In all likelihood, any gains from the Ryan pick—in terms of mobilizing the conservative base—are offset (or even outweighed) by the fact that Romney has introduced a huge a new danger to his campaign. If Obama’s Medicare attacks are successful in peeling off seniors from Romney’s coalition, the path to 50+1 percent of the vote is much more difficult—if not impossible—for the former Massachusetts governor.
Indeed, as Sean Trende (who is far from easy toward Obama) points out at Real Clear Politics, this new vulnerability introduces the potential for something that was quite unlikely before—an Obama landslide. He explains:
"I’ve always thought that Obama wouldn’t be able to win more than a two-to-three-point re-election victory, mainly because a president almost never wins the votes of people who disapprove of the job that he is doing, and Obama’s approval rating is unlikely to be much above 50 percent on Election Day. But, while I don’t think it’s guaranteed, this really does give Democrats an opportunity to make Romney so radioactive that people who don’t like the president nevertheless vote for him. If the white working class revolts at the prospect of the Ryan plan, Obama really could match, or even exceed, his 2008 showing."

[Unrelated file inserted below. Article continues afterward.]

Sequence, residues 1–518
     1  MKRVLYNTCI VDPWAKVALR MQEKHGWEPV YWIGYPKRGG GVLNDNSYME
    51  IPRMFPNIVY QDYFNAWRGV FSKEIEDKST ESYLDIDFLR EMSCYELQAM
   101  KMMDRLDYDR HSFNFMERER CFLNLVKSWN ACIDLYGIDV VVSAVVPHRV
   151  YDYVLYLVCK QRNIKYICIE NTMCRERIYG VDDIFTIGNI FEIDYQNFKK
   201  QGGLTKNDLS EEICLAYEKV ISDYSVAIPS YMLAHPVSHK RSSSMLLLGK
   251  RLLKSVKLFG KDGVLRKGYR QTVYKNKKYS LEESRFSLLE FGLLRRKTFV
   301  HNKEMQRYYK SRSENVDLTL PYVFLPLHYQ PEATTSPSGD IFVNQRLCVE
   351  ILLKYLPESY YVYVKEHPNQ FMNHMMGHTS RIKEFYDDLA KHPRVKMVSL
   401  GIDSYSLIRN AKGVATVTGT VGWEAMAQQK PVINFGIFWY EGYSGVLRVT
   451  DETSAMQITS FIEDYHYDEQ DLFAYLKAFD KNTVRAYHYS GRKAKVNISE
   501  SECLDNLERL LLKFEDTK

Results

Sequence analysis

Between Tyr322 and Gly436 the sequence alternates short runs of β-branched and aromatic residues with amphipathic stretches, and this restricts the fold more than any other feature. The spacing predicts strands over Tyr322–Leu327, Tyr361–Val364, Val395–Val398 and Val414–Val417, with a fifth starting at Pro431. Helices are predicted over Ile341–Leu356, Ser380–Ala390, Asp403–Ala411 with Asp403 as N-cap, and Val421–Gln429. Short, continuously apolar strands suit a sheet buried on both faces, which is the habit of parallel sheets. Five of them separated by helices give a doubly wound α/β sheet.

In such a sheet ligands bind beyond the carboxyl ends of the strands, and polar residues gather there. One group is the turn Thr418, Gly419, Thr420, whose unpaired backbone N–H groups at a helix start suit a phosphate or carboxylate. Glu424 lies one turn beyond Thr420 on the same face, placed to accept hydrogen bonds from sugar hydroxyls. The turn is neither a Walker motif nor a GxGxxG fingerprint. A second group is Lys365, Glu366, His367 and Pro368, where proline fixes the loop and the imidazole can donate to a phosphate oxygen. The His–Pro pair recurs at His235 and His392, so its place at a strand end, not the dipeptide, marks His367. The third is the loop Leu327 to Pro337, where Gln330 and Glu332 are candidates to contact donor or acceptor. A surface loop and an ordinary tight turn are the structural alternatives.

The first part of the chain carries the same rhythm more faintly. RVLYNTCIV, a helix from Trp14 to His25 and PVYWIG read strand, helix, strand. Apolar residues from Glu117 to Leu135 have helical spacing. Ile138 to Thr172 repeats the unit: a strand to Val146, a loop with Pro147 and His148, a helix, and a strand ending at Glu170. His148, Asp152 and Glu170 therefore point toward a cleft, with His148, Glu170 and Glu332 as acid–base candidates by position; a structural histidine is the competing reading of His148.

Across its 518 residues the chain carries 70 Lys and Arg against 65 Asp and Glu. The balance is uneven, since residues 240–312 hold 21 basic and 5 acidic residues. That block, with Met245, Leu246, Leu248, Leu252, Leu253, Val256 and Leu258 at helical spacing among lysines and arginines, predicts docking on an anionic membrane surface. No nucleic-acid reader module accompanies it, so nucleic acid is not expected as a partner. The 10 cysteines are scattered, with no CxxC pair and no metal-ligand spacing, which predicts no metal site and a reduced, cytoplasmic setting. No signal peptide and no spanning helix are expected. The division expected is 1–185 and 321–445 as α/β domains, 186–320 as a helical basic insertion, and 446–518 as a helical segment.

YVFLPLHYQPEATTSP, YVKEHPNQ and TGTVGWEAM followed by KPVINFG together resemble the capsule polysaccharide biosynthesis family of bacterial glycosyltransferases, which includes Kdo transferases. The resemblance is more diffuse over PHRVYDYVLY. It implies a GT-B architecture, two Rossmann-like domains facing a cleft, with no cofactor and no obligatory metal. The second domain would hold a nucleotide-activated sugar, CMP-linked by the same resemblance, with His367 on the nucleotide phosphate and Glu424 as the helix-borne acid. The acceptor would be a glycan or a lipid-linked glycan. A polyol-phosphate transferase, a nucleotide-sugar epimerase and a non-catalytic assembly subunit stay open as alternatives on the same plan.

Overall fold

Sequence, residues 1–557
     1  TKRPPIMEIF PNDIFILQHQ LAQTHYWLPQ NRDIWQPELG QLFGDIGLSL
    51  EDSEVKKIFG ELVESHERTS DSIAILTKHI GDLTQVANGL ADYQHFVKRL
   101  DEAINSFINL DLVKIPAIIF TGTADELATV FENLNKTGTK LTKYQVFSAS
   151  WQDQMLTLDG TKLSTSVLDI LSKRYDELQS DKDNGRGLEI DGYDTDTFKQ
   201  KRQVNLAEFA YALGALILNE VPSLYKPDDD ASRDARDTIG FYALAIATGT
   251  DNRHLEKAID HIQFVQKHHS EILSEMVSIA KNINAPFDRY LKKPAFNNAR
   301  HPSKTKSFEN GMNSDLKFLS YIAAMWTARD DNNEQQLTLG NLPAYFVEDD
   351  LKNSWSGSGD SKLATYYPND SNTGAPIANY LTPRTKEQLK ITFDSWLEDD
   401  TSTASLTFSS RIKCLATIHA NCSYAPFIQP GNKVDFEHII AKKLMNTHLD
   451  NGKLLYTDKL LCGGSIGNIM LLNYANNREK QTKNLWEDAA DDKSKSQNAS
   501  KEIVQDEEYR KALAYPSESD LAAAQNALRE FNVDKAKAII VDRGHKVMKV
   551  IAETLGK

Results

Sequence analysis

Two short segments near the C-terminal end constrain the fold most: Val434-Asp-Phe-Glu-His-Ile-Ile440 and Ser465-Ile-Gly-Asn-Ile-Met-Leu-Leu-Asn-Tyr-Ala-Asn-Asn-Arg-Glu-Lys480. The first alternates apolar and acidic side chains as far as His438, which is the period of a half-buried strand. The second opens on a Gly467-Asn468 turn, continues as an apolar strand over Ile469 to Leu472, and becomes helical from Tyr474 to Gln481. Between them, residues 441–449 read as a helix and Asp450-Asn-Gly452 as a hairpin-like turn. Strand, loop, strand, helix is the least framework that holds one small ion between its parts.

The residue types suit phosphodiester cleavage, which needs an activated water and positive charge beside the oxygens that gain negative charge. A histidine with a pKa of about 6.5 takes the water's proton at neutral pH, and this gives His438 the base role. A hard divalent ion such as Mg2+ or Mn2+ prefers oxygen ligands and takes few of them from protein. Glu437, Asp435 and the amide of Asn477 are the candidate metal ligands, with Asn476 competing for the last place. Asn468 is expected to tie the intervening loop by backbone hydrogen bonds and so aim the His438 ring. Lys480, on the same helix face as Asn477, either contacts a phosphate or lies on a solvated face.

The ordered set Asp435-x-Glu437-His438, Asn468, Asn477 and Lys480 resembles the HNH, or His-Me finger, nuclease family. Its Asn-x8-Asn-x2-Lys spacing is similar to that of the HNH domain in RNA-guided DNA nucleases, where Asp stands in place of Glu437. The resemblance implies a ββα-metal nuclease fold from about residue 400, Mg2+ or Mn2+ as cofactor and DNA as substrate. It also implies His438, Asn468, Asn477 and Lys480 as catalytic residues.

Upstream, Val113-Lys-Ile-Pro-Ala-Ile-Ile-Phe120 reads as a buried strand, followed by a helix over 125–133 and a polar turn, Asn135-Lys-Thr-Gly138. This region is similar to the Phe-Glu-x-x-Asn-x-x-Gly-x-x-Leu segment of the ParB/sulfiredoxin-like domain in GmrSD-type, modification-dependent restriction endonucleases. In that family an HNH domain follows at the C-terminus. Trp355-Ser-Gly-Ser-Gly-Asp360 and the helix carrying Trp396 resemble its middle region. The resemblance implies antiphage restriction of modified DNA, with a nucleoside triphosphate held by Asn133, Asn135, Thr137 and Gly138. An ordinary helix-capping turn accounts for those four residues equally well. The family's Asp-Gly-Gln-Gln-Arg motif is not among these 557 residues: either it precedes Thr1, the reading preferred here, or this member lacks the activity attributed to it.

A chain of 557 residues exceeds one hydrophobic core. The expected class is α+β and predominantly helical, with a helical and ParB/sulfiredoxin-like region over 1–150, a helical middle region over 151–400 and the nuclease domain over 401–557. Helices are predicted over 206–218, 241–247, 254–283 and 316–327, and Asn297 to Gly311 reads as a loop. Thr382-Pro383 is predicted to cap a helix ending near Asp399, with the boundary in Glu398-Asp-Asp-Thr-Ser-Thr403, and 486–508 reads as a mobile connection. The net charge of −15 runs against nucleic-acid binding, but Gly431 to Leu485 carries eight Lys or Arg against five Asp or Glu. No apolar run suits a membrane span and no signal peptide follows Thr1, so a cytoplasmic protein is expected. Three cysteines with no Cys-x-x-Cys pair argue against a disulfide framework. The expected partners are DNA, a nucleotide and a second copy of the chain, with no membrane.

There’s always a tendency to assume some strategic calculation on the part of politicians—or find some reason for why a given choice isn’t a bad one—but in this case, the simplest explanation is probably the correct one. Ryan is an unknown politician with a deeply unpopular plan. Right now, the conventional wisdom is that this somehow means he was a smart pick who can help Romney win voters who are looking for “big” solutions to our problems.
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